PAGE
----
LINK to the SESSION 4 VIDEO  of 26 January 2018:  “For Profit Cooperatives: How Do They Work?



JOIN US AT OUR SESSION May 16 at 1 PM for Cooperatives: Traditionally Cutting Edge Business for More Resilient Communities”

Since 1819, cooperatives have been the vehicle for traditional business sectors, and now, digital services in Pittsburgh and western PA. Often responding to economic distress, cooperatives have provided a means to equitable livelihoods and communities despite an economy beset by an extractive approach that aggravates income and wealth inequality and gentrification while undermining democratic values. Cooperatives also present a promising opportunity for under-represented people, facilitating diverse participation in business, and increasing worker control over compensation and working conditions. Five members of various cooperatives in the Pittsburgh area will tell their story of why they “went co-op”, how it’s working for them (success and challenges), and their plans to make their cooperatives more successful and grow opportunities for more people. Special attention will be given to highlight advantages, challenges, and how existing organizations can convert to cooperative models.

Business and economic development practitioners will have a new tool to improve the prospects of workers stuck in part-time employment, in industries with typically poor working conditions. We’ll show how cooperatives are creating more personal and community wealth for people with these challenges.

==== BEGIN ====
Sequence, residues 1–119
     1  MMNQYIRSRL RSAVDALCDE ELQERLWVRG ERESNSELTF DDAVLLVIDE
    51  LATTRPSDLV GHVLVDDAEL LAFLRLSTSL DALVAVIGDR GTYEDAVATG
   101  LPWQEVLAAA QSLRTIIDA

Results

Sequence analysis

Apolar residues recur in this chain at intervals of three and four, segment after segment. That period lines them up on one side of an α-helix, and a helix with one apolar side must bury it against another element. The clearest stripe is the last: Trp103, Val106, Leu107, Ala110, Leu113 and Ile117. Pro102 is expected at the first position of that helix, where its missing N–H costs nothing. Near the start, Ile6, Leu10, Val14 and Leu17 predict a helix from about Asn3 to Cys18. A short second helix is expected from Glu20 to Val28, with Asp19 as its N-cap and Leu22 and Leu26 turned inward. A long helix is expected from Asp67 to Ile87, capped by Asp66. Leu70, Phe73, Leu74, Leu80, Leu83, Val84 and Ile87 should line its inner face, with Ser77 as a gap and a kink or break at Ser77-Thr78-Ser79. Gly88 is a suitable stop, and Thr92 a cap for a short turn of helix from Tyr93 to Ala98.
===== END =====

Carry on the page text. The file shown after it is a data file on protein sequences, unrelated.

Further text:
Session presenters:

Ron Gaydos, Pittsburgh Chamber of Cooperatives
Raqueeb Bey, Black Urban Gardeners and Farmers of Pittsburgh Cooperative *
Josh Lucas, Work Hard Pittsburgh Cooperative *
Ben Ledewitz, Fourth River Workers Guild *
Lakeisha Wolf, Ujamaa Collective
Trevor Young-Hyman, Katz School of Business, University of Pittsburgh

   * Pittsburgh Chamber of Cooperatives member organization


The Pittsburgh Chamber of Cooperatives is the hands-on resource for  worker-owned and member-owned businesses in southwestern Pennsylvania.

Our mission is to develop and implement a cooperative business infrastructure – an ecosystem for worker-owned and member-owned businesses to thrive – in the Pittsburgh area. We work with Pittsburgh’s cooperatives, inclusive economic development initiatives, and individuals.

The PCOC raises awareness of cooperative business culture, facilitates the formation of new cooperatives, assists in the conversion of existing businesses to cooperatives, provides guidance on cooperative governance, builds community loyalty to cooperatives, and brings visibility to the triple bottom line advantage of cooperative businesses in the region.


Cooperatives are for people with any level of background, skill set, or financial means. Combining forces to form worker-owned businesses or member-owned purchasing cooperatives is a way for anyone to increase visibility and scale – and therefore opportunity – to better compete for business in today’s climate and especially in many of the new development initiatives in the region’s communities.

Our services are:

  • informational networking events,
  • hands-on workshops and startup assistance,
  • advocacy to remove barriers to cooperative opportunity, and
  • business coaching tailored to worker-owned cooperative businesses.

We’re gearing up to provide this entire menu!

The benefits of cooperatives are many. Here are some: 1) cooperatives are owned by members, so they build wealth 2) they’re locally focused, so cooperatives make communities more resilient 3) cooperatives work on the triple bottom line principle: for people, planet, and profit 4) members of cooperatives share the burden in hard times and the benefits in good times 5) and cooperatives are run democratically. Now that’s American business!


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